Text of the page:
As we all know writing minutes is a basic skill for assistants and we have probably written more over the years than Stephen King has writing novels. I had a job a few years back that provided support for twelve Committees who had four meetings a year, which meant I was writing a set of minutes practically every week. As you can imagine I got quite good at bashing out minutes without much thought behind them but no matter how easy I found writing the minutes the process still took forever. I soon realised that thought was required to write a good and comprehensive set of minutes and just typing out what I had written down wasn’t going to make what I considered a painful task any less arduous. So for all of you that write minutes, don’t enjoy it and take forever to complete them here are 10 handy tips to get them finished, circulated and out of your to do tray as quickly as possible while still producing a quality piece of work:

1. Remember that minutes should capture the three points below – nothing more nothing less:

  • What was decided
  • What was accomplished
  • What was agreed and actions for the attendees

2. The format for your minutes should be consistent and ideally you should be working from one template. If your company does not have a branded template you should suggest this to your manager and design something for them, a simple word template with the following  information will suffice:

  • The name of the Committee meeting
  • The date, time and location of the meeting
  • The attendees
  • The apologies
  • The name of the minute taker
  • Each of the agenda items underlined and listed with details on what was decided, what was accomplished and the action points to take forward (with the initials of the person responsible for the action).
  • Any other business
  • The date of the next meeting

3. Although the temptation is to leave typing up your minutes to literally the last minute I wouldn’t recommend it. Try and get the notes typed up as soon as possible, ideally by the following day. Even if you have become an expert at drafting minutes you may still find that you forget certain parts of the meeting and / or you can’t quite decipher what you meant when you made the notes. Also if you get the minutes circulated quickly you will give those with actions an early reminder to complete their work, which saves you time chasing them when the next meeting rolls around.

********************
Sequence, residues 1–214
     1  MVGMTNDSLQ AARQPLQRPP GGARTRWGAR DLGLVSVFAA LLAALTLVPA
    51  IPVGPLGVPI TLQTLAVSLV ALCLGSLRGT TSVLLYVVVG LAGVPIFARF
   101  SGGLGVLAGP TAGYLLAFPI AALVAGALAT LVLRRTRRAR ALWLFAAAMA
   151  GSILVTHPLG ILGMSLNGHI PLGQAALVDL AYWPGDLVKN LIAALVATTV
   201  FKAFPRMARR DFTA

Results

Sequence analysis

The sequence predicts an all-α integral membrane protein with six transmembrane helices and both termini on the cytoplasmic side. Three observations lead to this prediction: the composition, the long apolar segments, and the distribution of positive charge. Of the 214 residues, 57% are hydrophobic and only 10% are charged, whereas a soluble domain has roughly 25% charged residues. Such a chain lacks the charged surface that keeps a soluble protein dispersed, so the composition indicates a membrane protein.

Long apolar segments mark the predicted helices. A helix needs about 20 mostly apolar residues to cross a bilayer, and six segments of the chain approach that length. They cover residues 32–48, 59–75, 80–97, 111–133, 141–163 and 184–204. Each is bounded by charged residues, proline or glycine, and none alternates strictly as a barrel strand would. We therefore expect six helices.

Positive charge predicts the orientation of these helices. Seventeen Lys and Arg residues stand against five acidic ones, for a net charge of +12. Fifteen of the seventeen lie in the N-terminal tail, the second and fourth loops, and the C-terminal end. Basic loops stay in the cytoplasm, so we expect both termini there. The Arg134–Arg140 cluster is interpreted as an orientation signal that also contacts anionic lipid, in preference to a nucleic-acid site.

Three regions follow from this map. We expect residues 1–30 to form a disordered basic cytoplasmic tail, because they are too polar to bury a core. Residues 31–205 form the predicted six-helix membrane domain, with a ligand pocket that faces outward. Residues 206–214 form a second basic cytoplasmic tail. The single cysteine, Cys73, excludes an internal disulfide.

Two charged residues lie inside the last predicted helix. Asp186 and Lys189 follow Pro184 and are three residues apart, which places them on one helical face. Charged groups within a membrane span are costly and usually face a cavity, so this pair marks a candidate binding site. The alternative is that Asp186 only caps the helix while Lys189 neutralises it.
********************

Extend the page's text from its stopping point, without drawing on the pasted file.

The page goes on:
4. As I said in point 1, there are only three main areas of the conversation that you have to capture in your minutes so try to avoid all of the chat and ‘he said, she said’ dialogue. Unless it is relevant to the key agenda points leave this dialogue out of the minutes.

5. As the minute taker try to remain neutral when typing up your notes. If an argument took place during the meeting or someone stormed out of the room I wouldn’t necessarily put this detail in the minutes at all but if your chair person indicates that you should include this level of detail then I would suggest you remain neutral in your tone and choice of vocabulary.

6. I do sometimes find with minutes that I will repeat the same words over and over to describe the decisions made and actions agreed, particularly when I’m not really in the mood to write them! So a few years ago I wrote out a list of 50 handy verbs that I could slot into the minutes as and when I needed them. Here is the list:

Acknowledged

Agreed On

Agreed to

Announced

Arranged

Asked for

Asserted

Assured

Believed

Brought up

Complained

Confirmed

Decided

Declared

Described

Detailed

Discussed

Displayed

Emphasised

Explained

Expressed

Guaranteed

Identified

Implemented

Informed

Listed

Maintained

Mentioned

Noted

Observed

Perceived

Predicted

Presented

Promised

Proposed

Recommended

Remarked

Reported

Requested

Reviewing

Said

Settled

Showed

Specified

Stated

Stressed

Suggested

Summarised

Understood

Worked on

7. This comes with time but getting a real sense of what people are discussing in the meeting makes writing the minutes up afterwards a lot easier. Try to read the papers beforehand and get to grips with the details. If there are things you don’t understand spend 5 minutes with the Committee Chair before the meeting to ask questions you might have. During the meeting listen more than you write and summarise the details at the end of the discussion. The more you listen the easier you will find subsequent meetings.

8. Past tense in the 3rd person. This is the grammar to use when writing minutes, for example: Nicky Christmas agreed to distribute the minutes as soon as possible. I would also recommend using initials rather than full names to save some time but this is a style choice and may not be suitable for all companies.

9. If a report or paper has been circulated during the meeting there is no need to write any of this detail in the minutes. Simply state that the paper was noted by the Committee and any action points arising from the discussion.

10. Proofread your work once finished. I tend to get everything on the page as quickly as possible and then go back a day later to tweak the wording and sentence structure. The minutes will probably be proofread by at least two other people before they are finally circulated so be prepared that some of your work will be changed anyway.

Click here for more tips on minute taking

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